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Attracting Birds

with Fruit

No matter where you live, you can attract a larger variety of birds to your yard with fruit. Birds have a natural fondness for fruit. Providing fruit can attract otherwise reluctant birds to your feeders such as orioles, tanagers, or warblers. Summer is an especially good time to offer fruit. Many of the fruit eating birds spend the winter in the tropics, but in the summer they are back looking for new sources of food.

Fruit can be offered either fresh, frozen, or dried. Almost any variety can be used. Big fruits like oranges, should be cut in half. Impale the halves on a stick or limb, or use a nail to attach the fruit to

a tree, fence post, feeder, or even a deck. You may want to try chopping up bits of fruit and scattering them on the ground. A shallow bowl is a good choice for providing bits of fruit. You will probably want to separate the fruit from your seed, as the fruit can get messy.

Dry fruits are great for convenience, and less messy. You can get them in the health food store, or even dry them yourself in the oven at a low temperature 4-12 hrs. Wild fruits can be dried and saved to use later when food is more scarce. When offering the fruit, put it in the same place every time. It may take a while for the birds to discover it. Be patient, once they find it, they'll return again and again.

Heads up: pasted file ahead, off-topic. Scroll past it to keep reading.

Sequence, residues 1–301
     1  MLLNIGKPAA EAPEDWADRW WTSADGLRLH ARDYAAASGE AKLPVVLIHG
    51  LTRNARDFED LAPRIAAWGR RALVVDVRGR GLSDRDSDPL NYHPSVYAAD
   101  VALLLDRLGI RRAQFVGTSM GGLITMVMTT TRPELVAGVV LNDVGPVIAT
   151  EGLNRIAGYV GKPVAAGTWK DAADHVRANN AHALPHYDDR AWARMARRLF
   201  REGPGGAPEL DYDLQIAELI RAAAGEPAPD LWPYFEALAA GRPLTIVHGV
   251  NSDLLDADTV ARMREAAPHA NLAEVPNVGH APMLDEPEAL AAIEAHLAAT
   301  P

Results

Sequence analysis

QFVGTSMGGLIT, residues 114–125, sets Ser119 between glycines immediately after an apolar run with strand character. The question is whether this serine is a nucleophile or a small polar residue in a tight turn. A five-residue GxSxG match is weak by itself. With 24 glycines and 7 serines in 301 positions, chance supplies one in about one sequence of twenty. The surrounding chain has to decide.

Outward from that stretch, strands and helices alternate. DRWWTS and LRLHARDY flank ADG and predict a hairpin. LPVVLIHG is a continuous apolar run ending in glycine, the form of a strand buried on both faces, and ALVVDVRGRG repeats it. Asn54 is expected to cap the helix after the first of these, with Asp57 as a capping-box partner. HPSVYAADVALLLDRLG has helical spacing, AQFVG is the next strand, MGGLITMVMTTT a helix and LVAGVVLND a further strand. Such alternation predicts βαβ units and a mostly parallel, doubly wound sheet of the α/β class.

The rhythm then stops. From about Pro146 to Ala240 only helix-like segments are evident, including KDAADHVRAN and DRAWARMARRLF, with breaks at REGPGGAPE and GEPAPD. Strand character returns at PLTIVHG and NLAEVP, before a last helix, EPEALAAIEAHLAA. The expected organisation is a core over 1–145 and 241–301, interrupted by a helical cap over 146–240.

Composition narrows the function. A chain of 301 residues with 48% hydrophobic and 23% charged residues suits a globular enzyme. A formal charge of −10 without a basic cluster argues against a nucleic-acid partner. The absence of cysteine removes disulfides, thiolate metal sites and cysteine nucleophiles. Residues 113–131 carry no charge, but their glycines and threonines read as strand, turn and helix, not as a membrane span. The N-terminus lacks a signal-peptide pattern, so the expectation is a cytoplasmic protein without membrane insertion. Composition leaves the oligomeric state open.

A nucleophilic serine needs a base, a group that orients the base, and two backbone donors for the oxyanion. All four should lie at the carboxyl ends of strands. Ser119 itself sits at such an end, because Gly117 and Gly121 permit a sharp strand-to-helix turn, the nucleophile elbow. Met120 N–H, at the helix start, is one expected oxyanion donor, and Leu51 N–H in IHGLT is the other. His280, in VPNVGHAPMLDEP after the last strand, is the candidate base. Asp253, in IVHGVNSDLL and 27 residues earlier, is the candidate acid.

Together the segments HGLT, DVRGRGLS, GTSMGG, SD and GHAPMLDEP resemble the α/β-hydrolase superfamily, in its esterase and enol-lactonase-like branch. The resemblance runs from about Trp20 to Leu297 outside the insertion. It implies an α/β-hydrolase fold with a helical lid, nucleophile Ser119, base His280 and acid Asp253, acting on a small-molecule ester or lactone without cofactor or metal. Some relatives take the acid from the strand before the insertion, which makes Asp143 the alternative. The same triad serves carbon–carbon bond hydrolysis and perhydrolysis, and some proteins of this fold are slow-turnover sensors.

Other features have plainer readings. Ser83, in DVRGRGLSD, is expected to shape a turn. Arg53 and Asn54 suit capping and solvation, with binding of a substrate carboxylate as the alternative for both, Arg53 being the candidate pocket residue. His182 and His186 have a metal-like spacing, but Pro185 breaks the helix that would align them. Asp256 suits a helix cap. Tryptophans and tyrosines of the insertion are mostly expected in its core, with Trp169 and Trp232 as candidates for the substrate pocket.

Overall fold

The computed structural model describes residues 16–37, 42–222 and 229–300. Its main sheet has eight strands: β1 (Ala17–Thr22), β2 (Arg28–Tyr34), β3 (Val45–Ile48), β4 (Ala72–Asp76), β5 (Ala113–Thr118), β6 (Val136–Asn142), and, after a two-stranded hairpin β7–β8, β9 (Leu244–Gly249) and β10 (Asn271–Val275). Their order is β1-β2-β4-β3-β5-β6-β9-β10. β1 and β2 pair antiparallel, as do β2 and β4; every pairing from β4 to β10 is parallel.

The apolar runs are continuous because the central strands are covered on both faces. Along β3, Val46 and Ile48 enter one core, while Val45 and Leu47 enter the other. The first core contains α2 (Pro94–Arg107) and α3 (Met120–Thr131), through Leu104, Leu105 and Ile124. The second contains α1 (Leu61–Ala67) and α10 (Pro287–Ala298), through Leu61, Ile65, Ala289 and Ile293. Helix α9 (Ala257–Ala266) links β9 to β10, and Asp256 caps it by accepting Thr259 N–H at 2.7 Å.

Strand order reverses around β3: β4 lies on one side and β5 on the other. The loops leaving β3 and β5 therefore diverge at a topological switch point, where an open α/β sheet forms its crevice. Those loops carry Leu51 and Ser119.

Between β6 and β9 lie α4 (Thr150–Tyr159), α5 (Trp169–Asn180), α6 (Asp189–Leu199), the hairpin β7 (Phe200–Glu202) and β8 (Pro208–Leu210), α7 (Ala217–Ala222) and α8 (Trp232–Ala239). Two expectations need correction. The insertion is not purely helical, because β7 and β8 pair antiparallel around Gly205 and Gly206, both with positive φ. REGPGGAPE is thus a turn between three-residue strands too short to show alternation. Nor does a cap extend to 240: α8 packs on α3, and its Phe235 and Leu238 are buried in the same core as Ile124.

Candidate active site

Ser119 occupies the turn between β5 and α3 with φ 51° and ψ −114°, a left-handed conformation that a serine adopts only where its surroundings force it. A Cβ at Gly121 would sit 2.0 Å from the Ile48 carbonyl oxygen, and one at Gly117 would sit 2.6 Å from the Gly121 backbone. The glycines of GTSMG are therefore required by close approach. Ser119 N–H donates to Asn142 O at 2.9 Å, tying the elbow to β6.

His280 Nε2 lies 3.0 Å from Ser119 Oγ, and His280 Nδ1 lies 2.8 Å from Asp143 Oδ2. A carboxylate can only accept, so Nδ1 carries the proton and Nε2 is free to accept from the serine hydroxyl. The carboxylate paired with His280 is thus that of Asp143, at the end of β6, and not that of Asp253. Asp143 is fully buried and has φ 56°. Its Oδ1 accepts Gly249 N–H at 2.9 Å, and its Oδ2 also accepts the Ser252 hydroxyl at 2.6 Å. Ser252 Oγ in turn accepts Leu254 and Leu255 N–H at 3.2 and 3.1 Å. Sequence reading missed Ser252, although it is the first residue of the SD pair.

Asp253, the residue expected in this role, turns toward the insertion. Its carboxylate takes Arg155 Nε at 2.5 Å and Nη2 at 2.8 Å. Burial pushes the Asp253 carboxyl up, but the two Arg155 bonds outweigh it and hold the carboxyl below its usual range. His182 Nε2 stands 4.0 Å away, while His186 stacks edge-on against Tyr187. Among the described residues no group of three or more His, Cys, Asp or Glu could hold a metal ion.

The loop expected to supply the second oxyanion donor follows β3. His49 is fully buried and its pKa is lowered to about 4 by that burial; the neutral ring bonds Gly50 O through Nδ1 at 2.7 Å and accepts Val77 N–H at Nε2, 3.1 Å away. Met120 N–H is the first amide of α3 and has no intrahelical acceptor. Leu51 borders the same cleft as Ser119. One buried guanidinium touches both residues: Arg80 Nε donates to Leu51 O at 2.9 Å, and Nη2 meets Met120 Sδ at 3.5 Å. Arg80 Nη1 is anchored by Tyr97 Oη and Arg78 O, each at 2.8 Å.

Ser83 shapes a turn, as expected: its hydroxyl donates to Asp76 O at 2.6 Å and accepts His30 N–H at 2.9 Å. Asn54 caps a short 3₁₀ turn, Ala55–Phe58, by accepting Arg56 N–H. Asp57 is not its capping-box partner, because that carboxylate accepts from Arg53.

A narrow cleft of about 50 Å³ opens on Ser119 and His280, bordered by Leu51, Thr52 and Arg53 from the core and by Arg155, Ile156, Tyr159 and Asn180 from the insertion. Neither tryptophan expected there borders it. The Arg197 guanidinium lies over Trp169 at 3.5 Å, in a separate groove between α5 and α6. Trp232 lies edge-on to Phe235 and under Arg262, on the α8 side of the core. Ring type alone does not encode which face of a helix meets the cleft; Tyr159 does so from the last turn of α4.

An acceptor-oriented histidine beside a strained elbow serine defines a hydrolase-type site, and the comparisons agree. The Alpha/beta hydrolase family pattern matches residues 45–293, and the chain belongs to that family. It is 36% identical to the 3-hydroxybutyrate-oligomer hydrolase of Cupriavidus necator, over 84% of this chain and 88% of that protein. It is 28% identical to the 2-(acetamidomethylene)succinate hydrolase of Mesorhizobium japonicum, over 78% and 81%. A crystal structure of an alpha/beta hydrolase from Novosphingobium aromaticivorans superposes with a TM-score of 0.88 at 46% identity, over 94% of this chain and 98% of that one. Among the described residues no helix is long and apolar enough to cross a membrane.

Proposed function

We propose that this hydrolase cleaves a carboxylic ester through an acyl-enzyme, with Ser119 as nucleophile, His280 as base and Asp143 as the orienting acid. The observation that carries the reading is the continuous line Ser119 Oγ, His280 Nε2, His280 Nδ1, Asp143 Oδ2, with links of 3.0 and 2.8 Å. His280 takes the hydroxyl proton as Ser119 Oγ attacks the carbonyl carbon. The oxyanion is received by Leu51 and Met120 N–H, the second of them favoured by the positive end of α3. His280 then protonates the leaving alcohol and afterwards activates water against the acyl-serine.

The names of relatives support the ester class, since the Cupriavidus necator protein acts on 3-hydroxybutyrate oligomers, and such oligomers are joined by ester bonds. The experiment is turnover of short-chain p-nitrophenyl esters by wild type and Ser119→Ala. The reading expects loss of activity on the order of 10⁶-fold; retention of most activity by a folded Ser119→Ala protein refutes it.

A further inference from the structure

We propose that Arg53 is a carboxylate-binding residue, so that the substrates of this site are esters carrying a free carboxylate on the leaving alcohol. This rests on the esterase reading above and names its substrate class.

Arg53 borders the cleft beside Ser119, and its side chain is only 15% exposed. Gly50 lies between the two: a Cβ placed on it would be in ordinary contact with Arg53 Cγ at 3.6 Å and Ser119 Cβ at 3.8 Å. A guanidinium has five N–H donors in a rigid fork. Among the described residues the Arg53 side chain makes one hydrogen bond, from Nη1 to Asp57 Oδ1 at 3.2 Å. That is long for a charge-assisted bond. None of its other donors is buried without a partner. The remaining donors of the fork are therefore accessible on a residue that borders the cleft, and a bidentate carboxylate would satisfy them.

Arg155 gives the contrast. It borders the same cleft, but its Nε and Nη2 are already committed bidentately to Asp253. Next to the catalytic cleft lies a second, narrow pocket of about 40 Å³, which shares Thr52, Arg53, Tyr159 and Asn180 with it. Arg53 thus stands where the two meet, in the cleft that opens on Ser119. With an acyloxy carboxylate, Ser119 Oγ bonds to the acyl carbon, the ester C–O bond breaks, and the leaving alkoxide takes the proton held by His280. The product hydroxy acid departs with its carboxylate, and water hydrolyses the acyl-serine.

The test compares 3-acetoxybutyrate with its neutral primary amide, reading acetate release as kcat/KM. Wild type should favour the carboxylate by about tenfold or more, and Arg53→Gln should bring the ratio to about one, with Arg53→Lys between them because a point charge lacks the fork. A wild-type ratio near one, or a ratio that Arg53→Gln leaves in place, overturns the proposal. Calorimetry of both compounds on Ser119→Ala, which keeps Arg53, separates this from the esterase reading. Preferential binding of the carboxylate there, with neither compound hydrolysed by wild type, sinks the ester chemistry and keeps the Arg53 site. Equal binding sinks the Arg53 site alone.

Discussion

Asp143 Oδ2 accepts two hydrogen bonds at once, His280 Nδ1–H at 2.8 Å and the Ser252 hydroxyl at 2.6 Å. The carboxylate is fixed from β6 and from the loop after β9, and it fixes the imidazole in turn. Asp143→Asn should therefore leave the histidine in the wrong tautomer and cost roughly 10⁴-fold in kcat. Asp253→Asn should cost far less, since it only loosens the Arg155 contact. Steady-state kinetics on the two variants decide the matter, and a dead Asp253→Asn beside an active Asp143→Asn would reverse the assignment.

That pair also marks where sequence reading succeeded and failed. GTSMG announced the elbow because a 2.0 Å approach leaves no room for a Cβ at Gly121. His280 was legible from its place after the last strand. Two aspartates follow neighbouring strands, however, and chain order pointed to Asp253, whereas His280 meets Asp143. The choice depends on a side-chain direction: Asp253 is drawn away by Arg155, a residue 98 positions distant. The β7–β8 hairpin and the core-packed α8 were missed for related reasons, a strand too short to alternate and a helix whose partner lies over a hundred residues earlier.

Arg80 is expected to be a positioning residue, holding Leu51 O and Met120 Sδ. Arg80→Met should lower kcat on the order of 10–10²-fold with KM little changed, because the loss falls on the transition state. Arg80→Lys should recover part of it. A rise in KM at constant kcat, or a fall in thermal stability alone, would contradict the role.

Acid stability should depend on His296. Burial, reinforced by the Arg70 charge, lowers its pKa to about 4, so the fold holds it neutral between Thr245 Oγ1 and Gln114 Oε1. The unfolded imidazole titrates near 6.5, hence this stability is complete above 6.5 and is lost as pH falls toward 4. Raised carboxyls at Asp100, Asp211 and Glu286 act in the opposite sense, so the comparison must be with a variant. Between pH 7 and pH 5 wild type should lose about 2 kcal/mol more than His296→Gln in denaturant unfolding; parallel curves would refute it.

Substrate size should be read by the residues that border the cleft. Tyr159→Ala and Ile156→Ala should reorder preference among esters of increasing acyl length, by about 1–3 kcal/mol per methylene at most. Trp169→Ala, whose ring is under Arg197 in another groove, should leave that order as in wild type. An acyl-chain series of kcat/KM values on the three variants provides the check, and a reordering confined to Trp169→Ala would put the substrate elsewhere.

One of the most popular fruits are apples. Apples can attract bluebirds, cardinals, catbirds, flickers, woodpeckers, and several other birds. Bananas are especially good for attracting warblers, also tanagers, orioles, catbirds, and thrushes. It is best if the bananas are ripe. Oranges are very tempting to orioles. Berries of all kinds can bring in common feeder birds plus thrushes, towhees, tanagers, bluebirds, and grouse. Hummingbirds like the juice from fruits and the flies fruit attracts.

Make sure you remove the fruit when it becomes spoiled. Try different combinations and see what works at your feeders, and just have fun!


by Linda Vanderveen


Piper, Kathy. Feeder Fruits. Bird Watchers Digest. April 2000

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